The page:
Lectures: CAT 61 M & W / 1:00-1:50 pm / Section A M & W / 2:00-2:50 pm / Section B Office: DISQUE 909 Office Hours: BY E-MAIL APPOINTMENTS Phone: (215) 895-2726 e-mail: email@example.com
The course Fundamentals of Physics III introduces the basic conceptual understanding of modern physics needed to keep up with rapidly developing frontiers of science and technology of the 21st century. The end of the 19th and beginning of the 20th century faced dramatic changes in understanding of basic physics principles. Prior to this time, physics dealt with Newton's laws of motion and gravitation, Maxwell's theory of electromagnetism, thermodynamics, and kinetic theory. However, new problems surfaced when scientists confronted very high velocities and very small lengthscales. These new puzzles led to new concepts and new theories: special and general relativity, quantum theory, modern models of atoms and molecules, lasers, superconductivity, and more. This course is a serious though relatively non-mathematical introduction to modern physics concepts. The course begins with a mathematical description of mechanical and electromagnetic wave propagation and proceeds to description of wave phenomena, such as interference and diffraction. In quantum mechanics which dominates physical world at small lengthscales the concepts of a particle and wave merge into one dual description. A particle (e.g. an electron) can be treated either as a particle or as a wave, depending on the experimental situation under consideration. Similarly, electromagnetic radiation can be mathematically described either as a wave or a particle (photon). When the relative velocity of an object with respect to the observer approaches the speed of light, special relativity phenomena have to be taken into account. The course covers some of special relativity phenomena such as length contraction, time dilation, relativistic momentum & energy, and mass-energy relationship.
|Recitation TA||E-MAIL ADDRESS||RECITATION SECTIONS|
|Michael Brewerfirstname.lastname@example.org||014 & 016 & 018|
|Karsten Chuemail@example.com||007 & 012 & 019|
|Allyson O'Brienfirstname.lastname@example.org||001 & 010 & 011|
|Michael Schlenkeremail@example.com||005 & 006 & 013|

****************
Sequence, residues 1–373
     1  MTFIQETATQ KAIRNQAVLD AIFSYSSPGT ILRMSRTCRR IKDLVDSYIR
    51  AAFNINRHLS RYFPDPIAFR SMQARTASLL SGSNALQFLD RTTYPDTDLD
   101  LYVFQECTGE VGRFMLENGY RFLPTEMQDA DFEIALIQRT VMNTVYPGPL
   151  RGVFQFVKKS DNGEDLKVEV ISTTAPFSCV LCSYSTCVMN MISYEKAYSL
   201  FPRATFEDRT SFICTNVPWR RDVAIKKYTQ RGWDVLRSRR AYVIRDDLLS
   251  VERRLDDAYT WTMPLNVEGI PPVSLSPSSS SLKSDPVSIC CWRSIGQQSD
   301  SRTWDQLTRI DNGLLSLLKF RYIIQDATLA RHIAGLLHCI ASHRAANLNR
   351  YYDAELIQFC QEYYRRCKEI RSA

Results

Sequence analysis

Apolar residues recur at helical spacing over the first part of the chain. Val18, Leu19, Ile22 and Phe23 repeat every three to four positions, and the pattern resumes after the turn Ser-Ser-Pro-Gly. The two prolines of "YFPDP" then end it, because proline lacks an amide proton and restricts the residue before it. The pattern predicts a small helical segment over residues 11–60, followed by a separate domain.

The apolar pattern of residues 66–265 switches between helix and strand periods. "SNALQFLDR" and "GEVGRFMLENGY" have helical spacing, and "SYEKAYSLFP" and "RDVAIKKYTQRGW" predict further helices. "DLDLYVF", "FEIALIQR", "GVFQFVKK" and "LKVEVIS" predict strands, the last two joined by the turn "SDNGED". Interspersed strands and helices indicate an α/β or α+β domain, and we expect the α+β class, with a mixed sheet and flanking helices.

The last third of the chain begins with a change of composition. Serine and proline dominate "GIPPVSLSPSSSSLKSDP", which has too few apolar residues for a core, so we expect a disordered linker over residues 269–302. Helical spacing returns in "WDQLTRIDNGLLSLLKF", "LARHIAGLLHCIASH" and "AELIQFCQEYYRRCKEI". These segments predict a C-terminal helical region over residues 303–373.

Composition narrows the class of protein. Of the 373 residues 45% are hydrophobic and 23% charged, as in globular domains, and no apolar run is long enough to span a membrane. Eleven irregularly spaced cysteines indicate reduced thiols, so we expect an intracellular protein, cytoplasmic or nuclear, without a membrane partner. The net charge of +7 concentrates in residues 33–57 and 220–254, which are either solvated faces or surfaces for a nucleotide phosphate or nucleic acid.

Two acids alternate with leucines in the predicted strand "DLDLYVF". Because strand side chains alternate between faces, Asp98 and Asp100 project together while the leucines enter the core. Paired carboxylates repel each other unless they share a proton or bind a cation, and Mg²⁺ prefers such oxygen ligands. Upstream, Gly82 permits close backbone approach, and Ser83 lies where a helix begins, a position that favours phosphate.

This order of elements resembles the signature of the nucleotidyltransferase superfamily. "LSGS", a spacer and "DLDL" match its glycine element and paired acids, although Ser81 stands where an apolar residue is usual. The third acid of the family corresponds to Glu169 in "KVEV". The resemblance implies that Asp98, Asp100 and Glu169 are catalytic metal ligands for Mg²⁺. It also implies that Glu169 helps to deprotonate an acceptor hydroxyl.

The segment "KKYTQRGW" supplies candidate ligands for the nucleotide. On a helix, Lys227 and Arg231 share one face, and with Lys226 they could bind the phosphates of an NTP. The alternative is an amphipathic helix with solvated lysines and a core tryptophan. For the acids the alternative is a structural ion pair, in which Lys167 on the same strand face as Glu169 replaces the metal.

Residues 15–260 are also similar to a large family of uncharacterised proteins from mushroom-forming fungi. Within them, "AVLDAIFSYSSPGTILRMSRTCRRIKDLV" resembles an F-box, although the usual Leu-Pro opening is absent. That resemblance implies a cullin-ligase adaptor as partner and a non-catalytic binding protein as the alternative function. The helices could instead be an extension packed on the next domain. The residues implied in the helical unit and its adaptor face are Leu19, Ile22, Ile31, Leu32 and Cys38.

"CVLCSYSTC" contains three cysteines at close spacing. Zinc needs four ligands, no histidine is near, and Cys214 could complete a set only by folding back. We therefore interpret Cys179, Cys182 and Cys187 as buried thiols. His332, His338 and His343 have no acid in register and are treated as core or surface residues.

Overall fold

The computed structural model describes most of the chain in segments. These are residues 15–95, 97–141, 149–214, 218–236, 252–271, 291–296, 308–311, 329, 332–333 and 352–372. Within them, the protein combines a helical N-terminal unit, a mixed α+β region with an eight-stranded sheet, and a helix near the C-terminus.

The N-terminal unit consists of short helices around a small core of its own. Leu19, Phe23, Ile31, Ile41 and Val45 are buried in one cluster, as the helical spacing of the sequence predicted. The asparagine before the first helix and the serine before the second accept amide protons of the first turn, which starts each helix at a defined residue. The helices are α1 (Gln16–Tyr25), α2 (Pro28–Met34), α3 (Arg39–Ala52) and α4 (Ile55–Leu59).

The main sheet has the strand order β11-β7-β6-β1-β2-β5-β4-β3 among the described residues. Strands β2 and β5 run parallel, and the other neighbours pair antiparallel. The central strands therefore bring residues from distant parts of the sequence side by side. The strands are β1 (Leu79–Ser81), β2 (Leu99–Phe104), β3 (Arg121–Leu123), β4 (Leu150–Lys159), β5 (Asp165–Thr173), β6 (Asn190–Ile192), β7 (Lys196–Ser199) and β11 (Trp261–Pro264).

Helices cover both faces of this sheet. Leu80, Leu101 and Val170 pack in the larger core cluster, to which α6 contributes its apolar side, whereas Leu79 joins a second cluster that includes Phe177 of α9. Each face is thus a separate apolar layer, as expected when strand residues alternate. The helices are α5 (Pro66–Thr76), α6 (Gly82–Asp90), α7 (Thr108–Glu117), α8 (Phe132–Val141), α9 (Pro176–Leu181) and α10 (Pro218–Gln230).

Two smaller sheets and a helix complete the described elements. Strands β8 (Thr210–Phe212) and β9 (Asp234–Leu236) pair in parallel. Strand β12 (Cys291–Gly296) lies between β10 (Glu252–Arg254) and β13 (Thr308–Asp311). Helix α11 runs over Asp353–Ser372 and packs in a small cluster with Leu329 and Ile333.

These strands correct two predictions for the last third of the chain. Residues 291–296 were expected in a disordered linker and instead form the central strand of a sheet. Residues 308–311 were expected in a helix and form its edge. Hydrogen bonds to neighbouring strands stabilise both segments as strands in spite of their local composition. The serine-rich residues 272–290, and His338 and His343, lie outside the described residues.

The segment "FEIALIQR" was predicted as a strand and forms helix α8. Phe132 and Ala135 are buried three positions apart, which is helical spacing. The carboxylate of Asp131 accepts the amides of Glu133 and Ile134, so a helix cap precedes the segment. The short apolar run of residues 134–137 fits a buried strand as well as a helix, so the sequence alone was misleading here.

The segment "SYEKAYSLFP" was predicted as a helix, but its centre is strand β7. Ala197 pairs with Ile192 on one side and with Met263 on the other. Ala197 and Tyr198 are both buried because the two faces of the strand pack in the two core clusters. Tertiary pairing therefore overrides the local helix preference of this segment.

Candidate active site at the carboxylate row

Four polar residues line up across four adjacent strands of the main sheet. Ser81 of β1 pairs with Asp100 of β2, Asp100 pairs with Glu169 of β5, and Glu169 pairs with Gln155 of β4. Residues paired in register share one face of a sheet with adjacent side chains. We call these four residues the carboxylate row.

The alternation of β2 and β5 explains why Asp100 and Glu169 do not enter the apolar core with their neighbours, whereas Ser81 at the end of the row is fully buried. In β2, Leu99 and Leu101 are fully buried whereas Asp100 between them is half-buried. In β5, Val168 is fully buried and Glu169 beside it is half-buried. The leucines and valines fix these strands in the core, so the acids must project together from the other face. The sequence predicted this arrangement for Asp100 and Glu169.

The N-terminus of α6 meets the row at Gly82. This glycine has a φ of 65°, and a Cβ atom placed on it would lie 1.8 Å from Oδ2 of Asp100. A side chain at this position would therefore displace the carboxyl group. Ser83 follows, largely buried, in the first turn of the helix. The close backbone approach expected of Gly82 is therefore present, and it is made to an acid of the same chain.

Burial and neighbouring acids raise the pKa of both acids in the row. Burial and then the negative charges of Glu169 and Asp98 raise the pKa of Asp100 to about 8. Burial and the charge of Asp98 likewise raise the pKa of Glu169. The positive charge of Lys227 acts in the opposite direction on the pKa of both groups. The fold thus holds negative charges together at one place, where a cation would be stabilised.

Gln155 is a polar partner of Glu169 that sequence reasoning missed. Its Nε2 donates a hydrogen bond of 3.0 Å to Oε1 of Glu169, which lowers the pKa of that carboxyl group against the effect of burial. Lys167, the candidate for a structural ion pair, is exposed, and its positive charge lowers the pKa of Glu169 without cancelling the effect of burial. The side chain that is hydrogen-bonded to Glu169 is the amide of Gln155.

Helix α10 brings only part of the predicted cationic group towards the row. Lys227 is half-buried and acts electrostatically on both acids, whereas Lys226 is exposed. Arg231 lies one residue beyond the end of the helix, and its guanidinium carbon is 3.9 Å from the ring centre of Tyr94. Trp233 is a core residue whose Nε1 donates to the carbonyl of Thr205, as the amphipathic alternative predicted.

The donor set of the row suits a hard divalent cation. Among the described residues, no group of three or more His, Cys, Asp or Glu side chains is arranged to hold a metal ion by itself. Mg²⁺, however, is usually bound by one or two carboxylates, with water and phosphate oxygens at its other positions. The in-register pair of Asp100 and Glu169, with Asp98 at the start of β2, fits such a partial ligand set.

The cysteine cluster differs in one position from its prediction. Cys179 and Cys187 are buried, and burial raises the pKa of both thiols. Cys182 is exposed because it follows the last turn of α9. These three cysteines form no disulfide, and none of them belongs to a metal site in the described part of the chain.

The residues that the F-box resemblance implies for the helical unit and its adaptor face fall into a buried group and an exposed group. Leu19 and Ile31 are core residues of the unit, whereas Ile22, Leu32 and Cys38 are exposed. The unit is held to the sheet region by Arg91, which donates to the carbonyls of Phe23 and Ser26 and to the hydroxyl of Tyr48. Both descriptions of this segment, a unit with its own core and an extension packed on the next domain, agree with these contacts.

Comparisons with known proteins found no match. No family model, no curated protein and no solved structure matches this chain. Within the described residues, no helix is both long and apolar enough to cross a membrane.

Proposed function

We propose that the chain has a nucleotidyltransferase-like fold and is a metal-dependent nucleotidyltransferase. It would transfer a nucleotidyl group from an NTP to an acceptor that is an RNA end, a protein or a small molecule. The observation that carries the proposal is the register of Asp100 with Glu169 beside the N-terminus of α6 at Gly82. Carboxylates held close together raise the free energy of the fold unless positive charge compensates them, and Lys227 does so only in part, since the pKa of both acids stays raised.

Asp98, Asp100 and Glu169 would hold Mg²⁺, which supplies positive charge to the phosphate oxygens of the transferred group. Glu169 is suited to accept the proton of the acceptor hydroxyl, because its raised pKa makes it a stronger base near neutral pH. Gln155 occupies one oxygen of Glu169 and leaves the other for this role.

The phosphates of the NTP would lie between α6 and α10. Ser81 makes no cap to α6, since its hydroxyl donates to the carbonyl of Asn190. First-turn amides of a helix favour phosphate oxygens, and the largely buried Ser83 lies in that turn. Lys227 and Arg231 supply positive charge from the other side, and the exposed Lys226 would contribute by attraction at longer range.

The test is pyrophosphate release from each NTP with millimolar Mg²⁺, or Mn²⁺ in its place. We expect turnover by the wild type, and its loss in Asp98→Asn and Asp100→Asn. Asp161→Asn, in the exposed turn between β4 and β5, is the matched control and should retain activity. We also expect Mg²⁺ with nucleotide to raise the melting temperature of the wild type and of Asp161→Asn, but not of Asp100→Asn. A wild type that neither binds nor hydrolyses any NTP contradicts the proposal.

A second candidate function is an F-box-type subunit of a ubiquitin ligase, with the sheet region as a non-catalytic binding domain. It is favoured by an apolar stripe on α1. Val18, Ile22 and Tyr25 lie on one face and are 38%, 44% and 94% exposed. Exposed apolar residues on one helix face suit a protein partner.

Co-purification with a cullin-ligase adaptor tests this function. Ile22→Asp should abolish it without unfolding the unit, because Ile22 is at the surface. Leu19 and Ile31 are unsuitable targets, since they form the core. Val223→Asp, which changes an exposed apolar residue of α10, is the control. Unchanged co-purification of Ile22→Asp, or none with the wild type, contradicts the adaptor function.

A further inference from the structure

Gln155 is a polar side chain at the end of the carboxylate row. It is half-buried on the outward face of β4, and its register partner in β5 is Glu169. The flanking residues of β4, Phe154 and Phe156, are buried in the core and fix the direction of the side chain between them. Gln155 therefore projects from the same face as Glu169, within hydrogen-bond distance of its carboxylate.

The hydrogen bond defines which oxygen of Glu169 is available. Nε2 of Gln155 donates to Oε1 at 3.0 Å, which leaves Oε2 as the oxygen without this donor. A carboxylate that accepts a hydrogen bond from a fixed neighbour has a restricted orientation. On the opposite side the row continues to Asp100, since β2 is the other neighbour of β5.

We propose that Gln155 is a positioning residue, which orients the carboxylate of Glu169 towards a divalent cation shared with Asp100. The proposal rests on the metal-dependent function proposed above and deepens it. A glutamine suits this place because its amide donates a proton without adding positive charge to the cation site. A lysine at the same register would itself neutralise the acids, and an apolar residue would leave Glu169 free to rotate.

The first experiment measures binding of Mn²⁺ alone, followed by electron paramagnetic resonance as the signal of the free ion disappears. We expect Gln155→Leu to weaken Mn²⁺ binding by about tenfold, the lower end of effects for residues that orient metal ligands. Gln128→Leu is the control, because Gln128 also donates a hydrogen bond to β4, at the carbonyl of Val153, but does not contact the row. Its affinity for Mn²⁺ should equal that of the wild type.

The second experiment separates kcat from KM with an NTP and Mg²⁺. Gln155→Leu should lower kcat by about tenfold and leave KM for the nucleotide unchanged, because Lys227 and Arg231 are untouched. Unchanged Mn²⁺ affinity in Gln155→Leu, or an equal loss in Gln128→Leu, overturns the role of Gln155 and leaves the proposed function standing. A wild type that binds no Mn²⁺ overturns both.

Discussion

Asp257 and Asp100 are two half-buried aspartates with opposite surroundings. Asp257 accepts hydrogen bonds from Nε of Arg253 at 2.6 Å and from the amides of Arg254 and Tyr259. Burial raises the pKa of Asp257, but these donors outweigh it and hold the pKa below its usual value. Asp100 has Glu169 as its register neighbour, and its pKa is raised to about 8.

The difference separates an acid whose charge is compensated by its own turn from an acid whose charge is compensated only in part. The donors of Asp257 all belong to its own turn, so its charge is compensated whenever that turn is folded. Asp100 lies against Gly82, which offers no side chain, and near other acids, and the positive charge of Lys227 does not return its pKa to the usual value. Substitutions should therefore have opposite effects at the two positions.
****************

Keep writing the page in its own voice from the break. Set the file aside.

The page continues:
|Robert Stonefirstname.lastname@example.org||003 & 009 & 017|
|Matthew Voelkeremail@example.com||002 & 004 & 015|
Sean Lynch (firstname.lastname@example.org),
|001||MON||09:30-10:50||PISB 109||Allyson O'Brien|
|002||MON||11:00-12:20||PISB 105||Matthew Voelker|
|003||WED||05:00-06:20||PISB 109||Robert Stone|
|004||TUE||11:00-12:20||PISB 109||Matthew Voelker|
|005||TUE||12:30-01:50||PISB 109||Michael Schlenker|
|006||FRI||12:30-01:50||STRATN 219||Michael Schlenker|
|007||MON||05:00-06:20||PISB 109||Karsten Chu|
|008||FRI||02:00-03:20||CURTIS 255B||Sean Lynch|
|009||TUE||05:00-06:20||PISB 105||Robert Stone|
|010||THR||11:00-12:20||PISB 109||Allyson O'Brien|
|011||FRI||09:30-10:50||CURTIS 454||Allyson O'Brien|
|012||FRI||11:00-12:20||STRATN 219||Karsten Chu|
|013||TUE||03:30-04:50||PISB 109||Michael Schlenker|
|014||THR||03:30-04:50||PISB 109||Michael Brewer|
|015||MON||03:00-04:20||PISB 107||Matthew Voelker|
|016||MON||03:00-04:20||CURTIS 454||Michael Brewer|
|017||THR||05:00-06:20||CURTIS 352||Robert Stone|
|018||THR||05:00-06:20||CURTIS 454||Michael Brewer|
|019||WED||05:00-06:20||CURTIS 454||Karsten Chu|
You will be using Enhanced Web Assign (EWA) website to complete the homework assignments. Your Serway & Jewett textbook package contains an individual access code for the account on EWA. enter the EWA Website and click on I have a class key button. Choose an option to register as a new student for the PHYS 201 Class. You will be prompted to enter PHYS 201 Class Keys for EWA: drexel 3327 2190 (Section A) and drexel 4315 6554 (Section B).
There are eight (8) homework assignments, due weekly, starting at the end of week 2. Each homework assignment consists of five (5) problems that count towards 100% of the grade and one (1) extra credit assignment that will add additional 20% to the grade if correctly answered. The due day and time is always SATURDAY at 11:59 PM. No extension of this deadline will be granted. It is recommended to start working on the homework assignment several days before the deadline. Note that all homework assignments will be visible and available to you from the first day of classes, 09/24/2012.
It is important that you complete Introduction to Webassign homework before starting the first homework assignment due on 01/22/2012 (due dates for each of the eight homework assignments are posted on the last page of the syllabus). This exercise will allow you to get acquainted with all available features of the EWA online homework system. You do not need to worry---- Introduction to Webassign homework assignment does not count toward your homework grade.
There are student resources available on The Student Help Website. This website includes online manuals and FAQs, a button to chat live with ewa student support staff, an email contact form and phone information.
Labs take place in Disque 820A (12-820A).
Lab Director: Prof. Alexey Aprelev
|LAB INSTRUCTOR||E-MAIL ADDRESS||LAB SECTIONS|
|Manasi Dahibawkaremail@example.com||064 & 066 & 068 & 072 & 075|
|Seshanth Kannappanfirstname.lastname@example.org||060 & 061 & 064 & 065 & 070 & 071 & 073|
|Vivek Madhavanemail@example.com||78H & 86H|
|Vignesh Ravichandranfirstname.lastname@example.org||062 & 063 & 066 & 067 & 081|
|Rajath Soansemail@example.com||074 & 077 & 068 & 069|
|Zechariah Thrailkilfirstname.lastname@example.org||82H & 84H|
|TYPE OF EXAM||DATE||TIME||PLACE|
|EXAM 1||R, 10/25/2012||8:00 am - 8:50 am||MAIN AUDITORIUM|
|EXAM 2||R, 11/08/2012||8:00 am - 8:50 am||MAIN AUDITORIUM|
|EXAM 3||R, 11/29/2012||8:00 am - 8:50 am||MAIN AUDITORIUM|
|FINAL EXAM||F, 12/14/2012||8:00 am - 10:00 am||MAIN AUDITORIUM|